Chronic Thromboembolic Pulmonary Hypertension: the Bench.
PURPOSE OF REVIEW: Chronic thromboembolic pulmonary hypertension (CTEPH) is an uncommon complication of acute pulmonary embolism (PE), in which the red, platelet-rich thrombus does not resolve but forms into an organized yellow, fibrotic scar-like obstruction in the pulmonary vasculature. Here we review the pathobiology of CTEPH. RECENT FINDINGS: Our current knowledge has predominantly been informed by studies of human samples and animal models that are inherently limited in their ability to recapitulate all aspects of the disease. These studies have identified alterations in platelet biology and inflammation in the formation of a scar-like thrombus that comprised endothelial cells, myofibroblasts, and immune cells, along with a small vessel pulmonary arterial hypertension-like vasculopathy. The development of CTEPH-specific therapies is currently hindered by a limited knowledge of its pathobiology. The development of new CTEPH medical therapies will require new insights into its pathobiology that bridge the gap from bench to bedside.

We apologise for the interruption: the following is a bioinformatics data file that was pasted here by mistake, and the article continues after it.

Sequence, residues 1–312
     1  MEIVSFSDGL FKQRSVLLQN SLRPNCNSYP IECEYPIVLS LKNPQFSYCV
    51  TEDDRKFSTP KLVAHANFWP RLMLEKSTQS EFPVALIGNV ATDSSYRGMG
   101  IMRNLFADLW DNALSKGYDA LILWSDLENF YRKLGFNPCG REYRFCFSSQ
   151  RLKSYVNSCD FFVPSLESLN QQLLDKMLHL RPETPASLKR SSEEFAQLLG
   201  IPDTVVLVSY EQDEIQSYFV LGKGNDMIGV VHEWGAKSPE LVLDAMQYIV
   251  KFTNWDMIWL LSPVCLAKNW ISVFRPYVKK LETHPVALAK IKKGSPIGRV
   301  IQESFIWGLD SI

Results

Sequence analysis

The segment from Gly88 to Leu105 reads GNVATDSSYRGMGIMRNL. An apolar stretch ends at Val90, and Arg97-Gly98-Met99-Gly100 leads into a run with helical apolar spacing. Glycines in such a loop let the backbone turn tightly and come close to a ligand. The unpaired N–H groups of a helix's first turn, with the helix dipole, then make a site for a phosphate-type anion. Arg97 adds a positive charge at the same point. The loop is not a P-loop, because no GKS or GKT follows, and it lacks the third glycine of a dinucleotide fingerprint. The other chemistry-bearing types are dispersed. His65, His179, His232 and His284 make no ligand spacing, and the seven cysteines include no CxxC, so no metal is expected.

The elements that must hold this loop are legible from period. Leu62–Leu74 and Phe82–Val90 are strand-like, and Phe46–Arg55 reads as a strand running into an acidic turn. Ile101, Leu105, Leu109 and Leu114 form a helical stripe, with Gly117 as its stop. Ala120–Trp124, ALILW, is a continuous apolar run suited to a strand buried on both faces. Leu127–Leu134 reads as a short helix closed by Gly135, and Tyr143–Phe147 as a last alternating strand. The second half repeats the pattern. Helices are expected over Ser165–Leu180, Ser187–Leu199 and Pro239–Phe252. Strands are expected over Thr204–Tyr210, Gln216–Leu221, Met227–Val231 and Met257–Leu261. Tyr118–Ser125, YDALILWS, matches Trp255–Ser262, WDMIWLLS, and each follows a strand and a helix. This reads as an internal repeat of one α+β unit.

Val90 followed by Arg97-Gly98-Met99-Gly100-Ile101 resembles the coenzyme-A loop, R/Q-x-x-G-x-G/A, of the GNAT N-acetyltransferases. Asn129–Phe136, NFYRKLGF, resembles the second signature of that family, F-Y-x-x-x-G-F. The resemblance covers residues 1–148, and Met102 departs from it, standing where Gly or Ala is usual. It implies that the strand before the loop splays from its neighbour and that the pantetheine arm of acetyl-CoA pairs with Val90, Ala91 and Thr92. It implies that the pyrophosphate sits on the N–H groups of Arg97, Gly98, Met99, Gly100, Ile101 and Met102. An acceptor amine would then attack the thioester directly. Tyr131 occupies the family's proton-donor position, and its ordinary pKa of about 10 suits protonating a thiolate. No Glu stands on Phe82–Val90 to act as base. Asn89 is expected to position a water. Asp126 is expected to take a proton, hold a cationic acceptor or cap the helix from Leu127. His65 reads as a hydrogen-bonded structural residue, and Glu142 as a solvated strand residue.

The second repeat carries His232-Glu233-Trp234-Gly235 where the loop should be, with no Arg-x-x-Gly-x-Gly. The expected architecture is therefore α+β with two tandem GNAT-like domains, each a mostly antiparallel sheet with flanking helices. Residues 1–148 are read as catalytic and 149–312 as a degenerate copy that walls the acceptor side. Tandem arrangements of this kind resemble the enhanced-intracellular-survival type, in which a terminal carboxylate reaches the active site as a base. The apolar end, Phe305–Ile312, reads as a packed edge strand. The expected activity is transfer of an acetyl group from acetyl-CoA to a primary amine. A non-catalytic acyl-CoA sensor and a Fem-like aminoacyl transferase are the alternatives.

Alba, GA; Atri, D; Darbha, S; Singh, I; Tapson, VF; Lewis, MI; Chun, HJ; Yu, Y-R; Maron, BA; Rajagopal, S
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